This post is part of the Q&A Series with the Data Ambassadors from DataDive2013. You can also read an interview with the fraud and corruption data ambassadors, a recap of Data Dive 2013, and watch the presentations from the weekend.
Photo credit: Itir Sonuparlak
During DataDive 2013, each project had an assigned data ambassador, a leader to guide and direct the research and efforts of the teams. In the days following the DataDive, we spoke with two of the data ambassadors from the fraud and corruption related projects to learn more about their experiences. Read their responses below and join the conversation in our comments section.
- Taimur Sajid develops financial models to asses risk for a financial firm and acted as a data ambassador during the DataDive.
- Marc Maxson is an Innovation Consultant with Global Giving and brought his Heuristic Auditing Tool to the DataDive.
This post is part of the Q&A Series with the Data Ambassadors from DataDive2013. You can also read an interview with the poverty data ambassadors, a recap of Data Dive 2013, and watch the presentations from the weekend.
Data Ambassadors posing at the end of DataDive 2013. Photo Credit: Carlos Teodoro Linares Carvalho.
During DataDive 2013, each project had an assigned data ambassador, a leader to guide and direct the research and efforts of the teams. In the days following the DataDive, we spoke with four of the data ambassadors from the poverty projects to learn more about their experiences. Read their responses below and join the conversation in our comments section.
- Monique Williams is an independent consultant and a statistician at the U.S. Government Accountability Office. She led and represented the UNDP Resource Allocation team.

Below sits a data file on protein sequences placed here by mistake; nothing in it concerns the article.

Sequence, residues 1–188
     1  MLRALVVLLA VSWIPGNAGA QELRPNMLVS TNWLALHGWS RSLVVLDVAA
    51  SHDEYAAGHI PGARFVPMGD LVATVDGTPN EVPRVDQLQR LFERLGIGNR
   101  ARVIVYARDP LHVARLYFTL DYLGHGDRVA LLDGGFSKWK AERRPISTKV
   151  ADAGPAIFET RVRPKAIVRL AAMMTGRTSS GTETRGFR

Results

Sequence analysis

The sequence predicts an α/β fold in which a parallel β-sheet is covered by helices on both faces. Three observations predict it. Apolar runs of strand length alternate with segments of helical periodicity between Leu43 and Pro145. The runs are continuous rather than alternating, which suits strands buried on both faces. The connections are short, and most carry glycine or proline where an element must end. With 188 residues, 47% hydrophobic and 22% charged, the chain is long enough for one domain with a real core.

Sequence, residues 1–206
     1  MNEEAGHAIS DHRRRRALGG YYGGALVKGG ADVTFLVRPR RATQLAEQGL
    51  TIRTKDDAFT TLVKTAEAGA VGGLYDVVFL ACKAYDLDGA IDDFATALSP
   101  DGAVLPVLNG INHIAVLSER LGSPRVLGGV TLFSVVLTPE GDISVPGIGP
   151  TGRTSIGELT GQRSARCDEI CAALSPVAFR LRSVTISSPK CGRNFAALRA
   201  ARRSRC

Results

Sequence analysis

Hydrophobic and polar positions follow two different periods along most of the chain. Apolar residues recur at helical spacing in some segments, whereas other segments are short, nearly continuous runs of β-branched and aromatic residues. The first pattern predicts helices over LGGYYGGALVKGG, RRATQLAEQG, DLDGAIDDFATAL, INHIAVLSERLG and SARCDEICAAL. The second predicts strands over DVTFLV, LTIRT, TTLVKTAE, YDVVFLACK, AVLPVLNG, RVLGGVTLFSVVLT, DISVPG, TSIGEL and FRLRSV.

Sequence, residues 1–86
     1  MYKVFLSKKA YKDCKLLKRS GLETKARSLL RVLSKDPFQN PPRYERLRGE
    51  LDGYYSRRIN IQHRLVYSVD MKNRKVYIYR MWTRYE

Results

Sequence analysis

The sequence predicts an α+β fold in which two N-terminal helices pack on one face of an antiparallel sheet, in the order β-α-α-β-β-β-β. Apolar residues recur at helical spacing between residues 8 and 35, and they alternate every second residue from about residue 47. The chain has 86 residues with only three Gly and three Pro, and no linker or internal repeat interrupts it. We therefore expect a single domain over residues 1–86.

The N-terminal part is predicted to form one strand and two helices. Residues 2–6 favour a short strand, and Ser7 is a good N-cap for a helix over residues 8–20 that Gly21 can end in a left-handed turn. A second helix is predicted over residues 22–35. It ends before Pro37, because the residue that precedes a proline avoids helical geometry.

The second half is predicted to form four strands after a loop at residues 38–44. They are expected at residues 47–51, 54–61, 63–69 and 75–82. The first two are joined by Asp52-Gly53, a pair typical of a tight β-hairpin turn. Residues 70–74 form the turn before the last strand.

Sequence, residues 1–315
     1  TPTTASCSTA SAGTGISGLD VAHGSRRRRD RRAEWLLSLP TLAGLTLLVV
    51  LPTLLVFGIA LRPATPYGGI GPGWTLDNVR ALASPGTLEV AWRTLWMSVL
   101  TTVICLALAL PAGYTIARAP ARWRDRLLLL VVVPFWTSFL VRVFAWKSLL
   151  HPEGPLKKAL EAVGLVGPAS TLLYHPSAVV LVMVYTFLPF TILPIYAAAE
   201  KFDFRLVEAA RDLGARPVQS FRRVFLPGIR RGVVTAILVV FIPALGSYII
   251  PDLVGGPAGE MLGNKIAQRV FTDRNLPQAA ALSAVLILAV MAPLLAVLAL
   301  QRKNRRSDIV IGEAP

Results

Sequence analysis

- Nick McClellan is the web production editor for the New America Foundation and he represented the Night Illumination team.
- Max Richman is an independent consultant who provides research and technology services to non-profits, foundations and governments focused on international development. He led the Website Scraping team.
- Tom Levine works in data analysis and he represented the Arabic Tweets project.
Image Credit: World Bank Flickr
Why worry about the demand for open data?
When it comes to open data, much has been done around what we can publish, but much more can be done on identifying what others might need and want. Many open data initiatives have been started as supply-driven efforts seeking to increase transparency and leverage new information dissemination technologies - and that’s been a good way to start. However, being supply-driven is not the only way forward – a genuinely demand-driven approach would allow data providers to respond to, rather than anticipate, the data needs of users.
So what is the demand for open data? This is a simple question that is difficult to answer. Unearthing even elements of the answer would help to increase understanding, inform the continued practical growth of open data efforts and activities, and hopefully result in more relevant, accessible, and widely-used data.
Photo Credit: Neil Fantom
A more detailed recap will follow soon but here’s a very quick hats off to the about 150 data scientists, civic hackers, visual analytics savants, poverty specialists, and fraud/anti-corruption experts that made the Big Data Exploration at Washington DC over the weekend such an eye-opener.